Sunday, December 01, 2002

From the message board:
As far as a "soft non-rigorous field" is concerned, it is what you make of it. A lot of us with liberal arts degrees encounter prejudice for our academic paths. Those who put us down seem to forget that in obtaining a degree we saw a process through from start to finish. As for my university, if you went in thinking that majoring in a liberal arts discipline was going to be a cakewalk, well, you had another thing coming. Whatever you're studying, it should be something meaningful to you. Apply yourself to it, and you're better prepared for the real world. Anne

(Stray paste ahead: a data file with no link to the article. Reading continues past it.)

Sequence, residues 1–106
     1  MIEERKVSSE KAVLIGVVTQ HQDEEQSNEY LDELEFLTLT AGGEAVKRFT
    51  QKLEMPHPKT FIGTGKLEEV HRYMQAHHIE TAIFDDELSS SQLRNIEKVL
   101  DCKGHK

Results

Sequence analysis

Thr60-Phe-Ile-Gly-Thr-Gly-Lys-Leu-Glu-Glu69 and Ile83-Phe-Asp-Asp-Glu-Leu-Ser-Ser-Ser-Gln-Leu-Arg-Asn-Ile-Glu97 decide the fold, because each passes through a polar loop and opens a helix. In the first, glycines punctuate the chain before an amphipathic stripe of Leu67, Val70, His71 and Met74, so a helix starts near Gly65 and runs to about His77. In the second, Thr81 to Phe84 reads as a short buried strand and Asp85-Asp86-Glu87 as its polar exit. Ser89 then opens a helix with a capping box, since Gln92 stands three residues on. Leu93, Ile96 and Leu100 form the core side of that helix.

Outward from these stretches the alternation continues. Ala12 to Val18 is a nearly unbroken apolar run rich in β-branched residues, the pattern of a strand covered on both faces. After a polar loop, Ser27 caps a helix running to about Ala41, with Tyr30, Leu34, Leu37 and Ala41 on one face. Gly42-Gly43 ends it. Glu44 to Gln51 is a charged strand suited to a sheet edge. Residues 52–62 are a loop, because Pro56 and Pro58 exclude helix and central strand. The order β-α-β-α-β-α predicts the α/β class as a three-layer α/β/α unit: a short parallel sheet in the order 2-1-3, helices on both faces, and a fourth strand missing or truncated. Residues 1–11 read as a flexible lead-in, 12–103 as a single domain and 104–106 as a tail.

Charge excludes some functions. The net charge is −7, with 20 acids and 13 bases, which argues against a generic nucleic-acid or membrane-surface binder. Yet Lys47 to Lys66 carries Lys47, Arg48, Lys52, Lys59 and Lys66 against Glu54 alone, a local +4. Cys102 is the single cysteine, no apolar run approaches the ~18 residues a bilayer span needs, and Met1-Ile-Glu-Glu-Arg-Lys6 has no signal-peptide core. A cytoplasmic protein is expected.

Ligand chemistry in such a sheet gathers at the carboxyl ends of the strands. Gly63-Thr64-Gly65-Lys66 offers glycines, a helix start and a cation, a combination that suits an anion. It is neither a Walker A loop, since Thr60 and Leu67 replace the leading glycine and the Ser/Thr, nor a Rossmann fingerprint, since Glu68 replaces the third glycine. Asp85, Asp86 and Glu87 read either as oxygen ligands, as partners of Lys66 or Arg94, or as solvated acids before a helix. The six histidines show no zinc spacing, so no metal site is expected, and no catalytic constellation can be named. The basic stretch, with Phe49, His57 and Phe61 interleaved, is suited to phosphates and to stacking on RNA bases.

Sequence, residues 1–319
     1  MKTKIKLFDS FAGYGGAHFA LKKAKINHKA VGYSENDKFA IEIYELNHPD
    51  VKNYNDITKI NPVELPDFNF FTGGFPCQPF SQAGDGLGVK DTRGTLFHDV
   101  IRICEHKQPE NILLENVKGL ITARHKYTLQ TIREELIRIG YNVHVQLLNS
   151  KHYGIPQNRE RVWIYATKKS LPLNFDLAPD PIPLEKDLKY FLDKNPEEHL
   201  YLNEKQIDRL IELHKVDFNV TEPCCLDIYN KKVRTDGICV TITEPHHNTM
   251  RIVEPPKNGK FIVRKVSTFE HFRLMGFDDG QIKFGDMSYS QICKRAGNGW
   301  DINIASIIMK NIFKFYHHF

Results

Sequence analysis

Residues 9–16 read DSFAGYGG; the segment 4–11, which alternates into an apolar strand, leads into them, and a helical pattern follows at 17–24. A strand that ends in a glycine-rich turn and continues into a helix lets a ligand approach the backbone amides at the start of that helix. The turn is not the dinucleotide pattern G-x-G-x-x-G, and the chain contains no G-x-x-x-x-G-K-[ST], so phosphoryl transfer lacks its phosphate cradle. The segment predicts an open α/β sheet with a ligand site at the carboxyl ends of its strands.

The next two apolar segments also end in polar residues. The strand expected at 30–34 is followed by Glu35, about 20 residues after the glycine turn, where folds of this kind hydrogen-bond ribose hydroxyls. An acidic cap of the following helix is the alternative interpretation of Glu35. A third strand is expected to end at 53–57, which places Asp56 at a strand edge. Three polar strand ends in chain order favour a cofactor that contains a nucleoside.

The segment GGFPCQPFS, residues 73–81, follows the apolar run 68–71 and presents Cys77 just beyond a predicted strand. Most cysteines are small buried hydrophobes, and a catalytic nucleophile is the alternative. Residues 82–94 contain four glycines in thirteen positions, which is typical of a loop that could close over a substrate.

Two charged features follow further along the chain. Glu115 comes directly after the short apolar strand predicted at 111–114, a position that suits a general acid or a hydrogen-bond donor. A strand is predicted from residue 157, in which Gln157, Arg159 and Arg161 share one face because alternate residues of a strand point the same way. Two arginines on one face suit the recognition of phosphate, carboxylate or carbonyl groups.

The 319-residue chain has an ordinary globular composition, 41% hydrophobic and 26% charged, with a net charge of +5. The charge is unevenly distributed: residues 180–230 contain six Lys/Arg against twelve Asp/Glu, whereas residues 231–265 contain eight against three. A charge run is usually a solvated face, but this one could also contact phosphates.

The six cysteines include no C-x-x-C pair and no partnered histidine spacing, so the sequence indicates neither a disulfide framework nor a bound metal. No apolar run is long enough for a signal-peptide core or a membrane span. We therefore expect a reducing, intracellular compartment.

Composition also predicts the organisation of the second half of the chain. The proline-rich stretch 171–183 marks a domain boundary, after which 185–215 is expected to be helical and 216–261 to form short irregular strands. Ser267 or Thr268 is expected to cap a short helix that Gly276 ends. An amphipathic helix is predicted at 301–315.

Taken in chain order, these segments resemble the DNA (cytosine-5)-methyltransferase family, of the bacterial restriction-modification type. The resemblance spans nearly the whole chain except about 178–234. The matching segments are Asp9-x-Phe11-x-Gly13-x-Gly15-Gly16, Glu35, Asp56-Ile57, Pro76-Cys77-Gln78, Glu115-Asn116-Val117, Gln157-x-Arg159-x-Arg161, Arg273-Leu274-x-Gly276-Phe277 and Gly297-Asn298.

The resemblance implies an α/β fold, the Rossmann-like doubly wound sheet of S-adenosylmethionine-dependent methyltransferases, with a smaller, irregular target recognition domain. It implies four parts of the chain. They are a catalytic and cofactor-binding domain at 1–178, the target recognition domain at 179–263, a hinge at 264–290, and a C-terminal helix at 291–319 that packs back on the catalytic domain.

Of course Anne is right to some extent. In absolute terms-there are more high IQ english and political science graduates than physics or math graduates, but that is because there are so many more of the former than latter. Let me be honest and say in my experience the penalty for stupidity at most colleges is far higher in the sciences than it is in the non-sciences-with math being a crucial factor. Someone with moderate intelligence and perseverance might shine in english, and someone with great intelligence and a mediocre work ethic might be able to pass with flying colors in political science, but when you take a math class (aside from a few seminal geniuses like godless capitalist :)), brilliance is no bar to failure lacking some effort and concentration is no guarantee of success lacking aptitude. Even within the sciences there is a progression. In biology one could shape a course load that was "softer" (more field ecology and zoology, less mathematical population genetics and molecular biology) and required less effort. That doesn't mean that everyone in the soft fields were less intelligent-I know people who focused on ecology that were brilliant, but there were also many who could get by on cramming or regurgitating information from their notes (to minimize effort and maximize GPA, pre-meds tended to do general science, stacking up on 300-level courses). As one goes up the hierarchy of rigor-from ethology and zoology to molecular biology, than biochemistry, than organic chemistry, through physical chemistry and experimental physics and finally to theoretical physics and mathematics, there is less and less room for laziness and compensation via innate intelligence without preparation (you can quibble about details but I think most people with a science background will agree there is a spectrum-the only thing that mitigates physical scientists from sniffing too much at life scientists is that the latter fields are very "hot" now). Though I received my degree in biochemistry, I also took a minor in history. I can tell you there was one 300-level class where I showed up 4 times, on the first day, on the two mid-terms, and for the final. The professor didn't mind, because he knew I could master the material through some reading. There weren't any problem sets or lab-work that kept me on my toes every week. And all the 400-level seminars that I took were composed by and large of students that didn't fear an F (the professor would grant an "incomplete"-something initially alien to me) and saw no reason to do any of the reading (the clincher for me was when I was the only one who read a small book titled Our European Ancestors) [1]. By contrast, by the time I was doing physical chemistry or biochemistry coursework, there were few if any "slackers" left-getting a C (especially in lab-work) required too much effort (you had to at least show up for every lab), and judging by the fact that during the year, the classes would shrink by 1/3 every trimester, many people simply couldn't handle it. Anyway, that's my case. I don't doubt there are many people far more intelligent than me with a liberal arts degree. But there is a difference in the disciplines in that with a library card and some perseverance I have been able to accumulate enough data that I feel comfortable talking about history, philosophy or political issues without feeling at a disadvantage to those with "broader" educational backgrounds than I. On the other hand, few if any liberal arts majors have the courage to discuss technical issues-even those far outside my core field of knowledge such as physics, as I've taken college level physics and they haven't [2]. The easiest way for liberal arts degree holders to earn some respect is if their professors would get balls and fail the bottom-half (2/3?) of their classes for writing derivative and unorginal papers out of their asses. [1] If knowing a language had been a prerequisite in any of the seminars I'd taken-it would have been a different case, but I was able to cherry pick those that didn't require mastery of German (I took almost all of my history courses on Germany). On the other hand, I couldn't cherry pick as much when I did biochemistry, biology, organic chemistry, math and physics were strict prereqs for many of upper-division courses. [2] One thing I've always found amusing is how science people can con non-science people into thinking they know more than they do. Usually it happens when I see someone who works in a biochemistry laboratory trying to talk about biodiversity or a physical chemistry graduate student talking about the pharmaceutical industry applications of chemical X. Of course today the sciences are often so incestuous (Harvard's biology department is split between molecular and non-molecular) that the typical chemistry graduate can't speak on issues like biodiversity with much more authority than a non-science person could, and an ecology major might be hard-pressed to think back to freshmen chemistry and figure out what exactly is going on when a flame lights up, though the cute folk studies girl will want an explanation and so he bluffs his way through it.

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